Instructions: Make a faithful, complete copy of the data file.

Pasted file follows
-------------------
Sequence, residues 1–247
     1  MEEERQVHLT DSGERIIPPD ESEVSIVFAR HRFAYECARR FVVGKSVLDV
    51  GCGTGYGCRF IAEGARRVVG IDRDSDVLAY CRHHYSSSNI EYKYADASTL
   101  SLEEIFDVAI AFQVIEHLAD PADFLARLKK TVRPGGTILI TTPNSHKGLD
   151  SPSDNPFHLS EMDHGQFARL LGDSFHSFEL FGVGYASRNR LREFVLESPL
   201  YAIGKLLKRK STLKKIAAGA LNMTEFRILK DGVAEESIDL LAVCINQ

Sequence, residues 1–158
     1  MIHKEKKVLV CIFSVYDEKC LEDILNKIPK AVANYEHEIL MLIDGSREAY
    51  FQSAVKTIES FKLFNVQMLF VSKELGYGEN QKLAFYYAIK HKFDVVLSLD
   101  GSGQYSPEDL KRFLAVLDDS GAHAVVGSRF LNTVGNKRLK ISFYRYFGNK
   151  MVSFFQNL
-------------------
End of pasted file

Sequence, residues 1–247
     1  MEEERQVHLT DSGERIIPPD ESEVSIVFAR HRFAYECARR FVVGKSVLDV
    51  GCGTGYGCRF IAEGARRVVG IDRDSDVLAY CRHHYSSSNI EYKYADASTL
   101  SLEEIFDVAI AFQVIEHLAD PADFLARLKK TVRPGGTILI TTPNSHKGLD
   151  SPSDNPFHLS EMDHGQFARL LGDSFHSFEL FGVGYASRNR LREFVLESPL
   201  YAIGKLLKRK STLKKIAAGA LNMTEFRILK DGVAEESIDL LAVCINQ

Sequence, residues 1–158
     1  MIHKEKKVLV CIFSVYDEKC LEDILNKIPK AVANYEHEIL MLIDGSREAY
    51  FQSAVKTIES FKLFNVQMLF VSKELGYGEN QKLAFYYAIK HKFDVVLSLD
   101  GSGQYSPEDL KRFLAVLDDS GAHAVVGSRF LNTVGNKRLK ISFYRYFGNK
   151  MVSFFQNL